Friday, November 17, 2006

Open source Java

What Sun's actually done, and what almost no company before them has done, is to bend over backwards to do this right. They've resisted the siren-song of corporate counsel who feel the need to FUD their employer into paying them to invent entirely new legalise, which doesn't interoperate with anyone else's legalise. (My own failure to convince Zawinski that a GPL dual-license was a good thing for Mozilla still smarts; it meant that for the first couple of years of the Mozilla project (until dual-licensing took place, after Zawinski quit), Gnome developers were shut out completely. This experience has perhaps biased me, but to see a major corporate source drop done right is fantastic.)

Further, note that Sun hasn't merely pinned the tail on a politically-correct GPLv2 donkey, they've gone through this in excruciating detail to get it just right. Instead of taking the "obvious" LGPLv2.1 option for the libraries, they've taken note of the existing practice by other open-source Java projects and adopted GPLv2 with "the classpath exception". With respect to the transition period for their own libraries (they hold outright copyrights in the compiler and VM, but the libraries contain encumberances which will take time to remove, so they've not made a library release yet), they've worked with the Software Freedom Law Center to craft a specific exemption that avoids trapping applications atop the standard APIs becoming GPLv2 encumbered when shiped _with_ the open-source Sun VM under GPLv2 and closed Sun libraries.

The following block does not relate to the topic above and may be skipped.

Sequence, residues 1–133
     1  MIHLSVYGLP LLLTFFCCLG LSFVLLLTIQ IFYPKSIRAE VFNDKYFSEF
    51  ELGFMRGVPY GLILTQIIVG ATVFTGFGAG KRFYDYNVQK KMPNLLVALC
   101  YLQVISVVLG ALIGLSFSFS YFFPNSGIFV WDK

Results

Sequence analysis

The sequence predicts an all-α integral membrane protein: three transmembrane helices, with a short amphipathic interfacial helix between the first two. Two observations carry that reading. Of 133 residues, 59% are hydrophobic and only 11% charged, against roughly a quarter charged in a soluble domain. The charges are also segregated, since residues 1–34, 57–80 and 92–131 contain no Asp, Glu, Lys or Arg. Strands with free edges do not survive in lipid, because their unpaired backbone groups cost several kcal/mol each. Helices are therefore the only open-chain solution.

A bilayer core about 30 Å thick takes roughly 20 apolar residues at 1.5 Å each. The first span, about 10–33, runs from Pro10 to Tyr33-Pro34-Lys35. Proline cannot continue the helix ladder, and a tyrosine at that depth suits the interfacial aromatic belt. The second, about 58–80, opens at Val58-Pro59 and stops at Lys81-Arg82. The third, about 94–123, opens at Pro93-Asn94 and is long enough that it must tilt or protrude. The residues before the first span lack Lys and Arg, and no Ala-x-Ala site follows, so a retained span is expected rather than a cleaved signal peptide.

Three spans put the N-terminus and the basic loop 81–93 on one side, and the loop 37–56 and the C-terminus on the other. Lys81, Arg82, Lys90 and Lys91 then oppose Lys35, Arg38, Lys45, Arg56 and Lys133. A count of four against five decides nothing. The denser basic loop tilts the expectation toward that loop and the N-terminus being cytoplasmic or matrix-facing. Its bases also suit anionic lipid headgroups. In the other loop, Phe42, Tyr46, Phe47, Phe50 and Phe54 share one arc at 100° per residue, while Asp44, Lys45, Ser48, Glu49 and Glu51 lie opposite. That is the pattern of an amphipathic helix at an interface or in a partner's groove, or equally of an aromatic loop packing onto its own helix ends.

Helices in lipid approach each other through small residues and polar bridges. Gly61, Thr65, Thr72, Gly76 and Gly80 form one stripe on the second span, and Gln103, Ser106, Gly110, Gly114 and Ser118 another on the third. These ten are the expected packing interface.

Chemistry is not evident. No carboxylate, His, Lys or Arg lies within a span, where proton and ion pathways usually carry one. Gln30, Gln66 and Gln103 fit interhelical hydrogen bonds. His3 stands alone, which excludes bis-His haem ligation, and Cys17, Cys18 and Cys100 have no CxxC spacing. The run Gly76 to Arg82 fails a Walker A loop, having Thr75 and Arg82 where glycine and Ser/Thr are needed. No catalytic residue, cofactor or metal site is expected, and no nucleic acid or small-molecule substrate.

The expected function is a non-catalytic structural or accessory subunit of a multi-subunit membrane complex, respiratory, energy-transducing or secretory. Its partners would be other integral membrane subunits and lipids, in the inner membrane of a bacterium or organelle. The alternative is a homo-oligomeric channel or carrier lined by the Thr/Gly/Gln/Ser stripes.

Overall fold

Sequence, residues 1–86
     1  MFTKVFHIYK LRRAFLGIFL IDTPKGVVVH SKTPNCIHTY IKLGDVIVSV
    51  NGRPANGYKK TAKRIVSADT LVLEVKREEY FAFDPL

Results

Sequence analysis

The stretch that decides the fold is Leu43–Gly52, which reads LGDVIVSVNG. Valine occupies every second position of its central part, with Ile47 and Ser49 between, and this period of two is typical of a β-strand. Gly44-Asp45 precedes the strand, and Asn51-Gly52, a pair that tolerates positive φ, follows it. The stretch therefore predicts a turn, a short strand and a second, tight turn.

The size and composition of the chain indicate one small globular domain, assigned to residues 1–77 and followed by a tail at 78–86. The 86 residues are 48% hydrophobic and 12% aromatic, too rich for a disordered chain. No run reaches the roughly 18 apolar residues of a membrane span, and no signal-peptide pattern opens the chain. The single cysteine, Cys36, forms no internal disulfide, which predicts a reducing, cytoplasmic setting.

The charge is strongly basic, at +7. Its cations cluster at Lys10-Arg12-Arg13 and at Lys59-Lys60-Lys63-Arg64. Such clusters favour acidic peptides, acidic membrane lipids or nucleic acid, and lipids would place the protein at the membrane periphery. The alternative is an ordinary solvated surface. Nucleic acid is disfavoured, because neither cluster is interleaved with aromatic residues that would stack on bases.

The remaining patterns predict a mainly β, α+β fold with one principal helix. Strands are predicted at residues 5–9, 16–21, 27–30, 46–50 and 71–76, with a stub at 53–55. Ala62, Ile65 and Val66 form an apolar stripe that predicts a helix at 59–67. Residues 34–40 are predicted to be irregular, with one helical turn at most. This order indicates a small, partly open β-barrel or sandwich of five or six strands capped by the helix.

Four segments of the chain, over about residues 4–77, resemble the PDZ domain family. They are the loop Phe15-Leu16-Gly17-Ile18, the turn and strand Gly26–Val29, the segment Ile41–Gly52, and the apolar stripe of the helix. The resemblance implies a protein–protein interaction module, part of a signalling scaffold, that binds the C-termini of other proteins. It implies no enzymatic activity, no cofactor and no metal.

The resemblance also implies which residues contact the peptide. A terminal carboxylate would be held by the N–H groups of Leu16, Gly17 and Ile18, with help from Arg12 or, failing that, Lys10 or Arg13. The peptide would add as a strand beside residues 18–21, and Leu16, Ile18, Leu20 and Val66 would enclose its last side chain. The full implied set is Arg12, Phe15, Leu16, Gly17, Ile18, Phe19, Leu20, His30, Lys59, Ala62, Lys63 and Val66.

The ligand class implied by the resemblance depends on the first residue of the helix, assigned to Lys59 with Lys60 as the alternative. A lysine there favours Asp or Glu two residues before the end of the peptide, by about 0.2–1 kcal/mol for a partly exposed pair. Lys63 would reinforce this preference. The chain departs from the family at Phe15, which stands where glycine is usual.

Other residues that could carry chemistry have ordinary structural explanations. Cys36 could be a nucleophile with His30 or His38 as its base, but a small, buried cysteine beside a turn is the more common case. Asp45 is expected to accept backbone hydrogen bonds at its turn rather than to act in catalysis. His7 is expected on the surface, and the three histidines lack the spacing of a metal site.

The legal groundwork that they've done is exemplary; it's really, really impressive. Someone inside Sun has asked some open-source/free-software advocates how it _should_ be done, and then listened very closely to the answer(s).

From Armadillo Reticence

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